Gluskin Sheff Chief Economist & Strategist David Rosenberg questions Friday’s employment number and points out to some “very lumpy increases in some very non-cyclical segments of the economy.”
A 1-IN-35 EVENT
“It’s remarkable nobody talks about this. The big surprise in the payroll data was the service sector component; it rose 58k. But we know from the ADP report that service sector employment fell 81k, which was fractionally worse than the 79k decline in October. Such a discrepancy has occurred less than 3% of the time in the past, and each time, the following month after the big gap, there was a convergence … with headline nonfarm payrolls swinging 100k lower on average, which would imply a 111k decline when December’s figure comes out.
Also take note that the +58k print in the service sector payroll was completely at odds with the 41.6 reading in the ISM non-manufacturing employment index in November — a figure that in the past was consistent with a -192k tally in service sector payrolls and never before aligned with a positive number. Go back to the 2001 recession, and the worst ISM non-manufacturing jobs subindex was 43.9 (right after 9/11) and here we published a figure that was more than two points shy of that!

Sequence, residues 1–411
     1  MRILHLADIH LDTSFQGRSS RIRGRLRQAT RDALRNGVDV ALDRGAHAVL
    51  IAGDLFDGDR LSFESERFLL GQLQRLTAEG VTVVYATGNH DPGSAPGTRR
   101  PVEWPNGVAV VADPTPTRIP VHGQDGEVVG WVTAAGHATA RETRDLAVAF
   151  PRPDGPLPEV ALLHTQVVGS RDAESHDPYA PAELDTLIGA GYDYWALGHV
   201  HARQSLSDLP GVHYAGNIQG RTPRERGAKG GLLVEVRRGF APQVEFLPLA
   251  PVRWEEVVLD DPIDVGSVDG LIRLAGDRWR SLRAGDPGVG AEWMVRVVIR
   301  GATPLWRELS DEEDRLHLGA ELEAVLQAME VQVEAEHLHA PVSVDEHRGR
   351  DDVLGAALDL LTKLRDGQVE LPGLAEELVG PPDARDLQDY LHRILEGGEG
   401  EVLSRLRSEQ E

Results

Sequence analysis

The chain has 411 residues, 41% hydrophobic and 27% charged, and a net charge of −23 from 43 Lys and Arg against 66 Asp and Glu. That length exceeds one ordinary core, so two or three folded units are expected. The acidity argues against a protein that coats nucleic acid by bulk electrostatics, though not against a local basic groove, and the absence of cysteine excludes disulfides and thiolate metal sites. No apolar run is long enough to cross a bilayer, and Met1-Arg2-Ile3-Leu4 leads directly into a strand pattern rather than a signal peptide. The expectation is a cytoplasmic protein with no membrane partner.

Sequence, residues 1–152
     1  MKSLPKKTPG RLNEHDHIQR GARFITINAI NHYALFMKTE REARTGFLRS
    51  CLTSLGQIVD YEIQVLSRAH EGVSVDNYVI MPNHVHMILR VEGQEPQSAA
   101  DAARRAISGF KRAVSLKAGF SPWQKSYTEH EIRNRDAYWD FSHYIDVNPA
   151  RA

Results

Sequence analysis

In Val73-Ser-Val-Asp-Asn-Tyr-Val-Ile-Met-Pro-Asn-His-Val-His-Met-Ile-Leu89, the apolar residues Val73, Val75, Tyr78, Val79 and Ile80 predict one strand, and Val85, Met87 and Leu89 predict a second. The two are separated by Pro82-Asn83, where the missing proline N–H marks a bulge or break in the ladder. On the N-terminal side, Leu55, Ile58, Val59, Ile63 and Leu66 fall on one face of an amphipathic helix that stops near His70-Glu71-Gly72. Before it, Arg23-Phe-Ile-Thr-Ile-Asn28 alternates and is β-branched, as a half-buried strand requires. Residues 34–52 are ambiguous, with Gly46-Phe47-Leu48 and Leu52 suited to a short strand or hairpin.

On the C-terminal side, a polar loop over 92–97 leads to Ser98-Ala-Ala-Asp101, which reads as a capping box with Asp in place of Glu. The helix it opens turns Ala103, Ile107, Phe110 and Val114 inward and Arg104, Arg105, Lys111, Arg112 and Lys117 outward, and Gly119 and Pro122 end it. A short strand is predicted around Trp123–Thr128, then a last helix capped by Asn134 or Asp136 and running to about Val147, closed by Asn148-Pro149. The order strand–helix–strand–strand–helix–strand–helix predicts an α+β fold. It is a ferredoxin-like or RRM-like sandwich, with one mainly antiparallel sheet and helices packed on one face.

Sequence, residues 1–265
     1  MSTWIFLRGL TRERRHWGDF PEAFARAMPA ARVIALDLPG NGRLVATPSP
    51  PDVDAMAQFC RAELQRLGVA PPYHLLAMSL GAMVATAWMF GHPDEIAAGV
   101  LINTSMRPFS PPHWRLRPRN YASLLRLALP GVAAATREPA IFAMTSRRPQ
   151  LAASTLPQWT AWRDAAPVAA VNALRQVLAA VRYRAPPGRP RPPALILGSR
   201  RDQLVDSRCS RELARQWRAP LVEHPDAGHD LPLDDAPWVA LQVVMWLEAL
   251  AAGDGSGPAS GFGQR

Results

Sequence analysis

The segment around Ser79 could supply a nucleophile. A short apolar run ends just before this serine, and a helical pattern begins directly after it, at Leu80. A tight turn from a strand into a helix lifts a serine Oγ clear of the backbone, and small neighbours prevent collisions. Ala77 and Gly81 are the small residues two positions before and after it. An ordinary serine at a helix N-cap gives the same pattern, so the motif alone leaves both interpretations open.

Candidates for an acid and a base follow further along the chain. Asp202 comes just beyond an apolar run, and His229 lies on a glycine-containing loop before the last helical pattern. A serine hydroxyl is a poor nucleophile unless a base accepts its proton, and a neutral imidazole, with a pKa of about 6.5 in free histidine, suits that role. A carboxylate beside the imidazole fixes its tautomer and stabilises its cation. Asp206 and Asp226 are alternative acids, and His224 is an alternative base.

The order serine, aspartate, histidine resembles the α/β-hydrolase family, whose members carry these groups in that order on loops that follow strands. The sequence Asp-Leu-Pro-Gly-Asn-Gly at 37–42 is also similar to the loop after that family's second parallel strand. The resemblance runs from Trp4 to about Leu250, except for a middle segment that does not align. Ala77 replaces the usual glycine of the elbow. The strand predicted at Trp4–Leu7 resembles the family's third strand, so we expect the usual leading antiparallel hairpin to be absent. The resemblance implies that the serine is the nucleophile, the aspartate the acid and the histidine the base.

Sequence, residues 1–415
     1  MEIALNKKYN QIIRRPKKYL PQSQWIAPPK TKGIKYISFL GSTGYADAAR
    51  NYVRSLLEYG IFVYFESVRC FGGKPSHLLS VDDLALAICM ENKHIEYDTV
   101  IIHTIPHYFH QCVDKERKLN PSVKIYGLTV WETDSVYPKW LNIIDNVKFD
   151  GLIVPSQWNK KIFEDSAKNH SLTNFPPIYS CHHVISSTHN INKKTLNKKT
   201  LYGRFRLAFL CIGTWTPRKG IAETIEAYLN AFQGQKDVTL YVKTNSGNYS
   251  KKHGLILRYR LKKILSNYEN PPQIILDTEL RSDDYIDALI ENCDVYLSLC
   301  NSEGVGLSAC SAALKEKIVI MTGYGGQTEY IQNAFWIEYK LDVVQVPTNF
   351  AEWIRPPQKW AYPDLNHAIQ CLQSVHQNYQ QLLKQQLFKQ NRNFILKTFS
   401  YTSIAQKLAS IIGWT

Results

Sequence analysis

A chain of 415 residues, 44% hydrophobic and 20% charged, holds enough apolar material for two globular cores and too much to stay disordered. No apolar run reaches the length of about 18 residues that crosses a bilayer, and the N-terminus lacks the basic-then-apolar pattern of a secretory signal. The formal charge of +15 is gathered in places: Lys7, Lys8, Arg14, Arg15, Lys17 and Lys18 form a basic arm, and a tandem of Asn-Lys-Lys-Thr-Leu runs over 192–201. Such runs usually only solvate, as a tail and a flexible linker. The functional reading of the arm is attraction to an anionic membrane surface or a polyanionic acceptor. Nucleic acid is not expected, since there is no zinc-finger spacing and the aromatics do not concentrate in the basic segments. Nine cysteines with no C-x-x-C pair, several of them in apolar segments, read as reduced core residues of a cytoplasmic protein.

So as we wonder how the headline number could only be -11k on Friday, there were some very lumpy increases in some very non-cyclical segments of the economy:
• Administration/waste management +87k
• Health/education +40k
• Government +7k
The rest of the economy shed 145 jobs and the declines were spread across
nearly 60% of the industrial base from retail, to transports, to manufacturing, to construction. For some reason, we didn’t see this dichotomy mentioned anywhere in the weekend press.”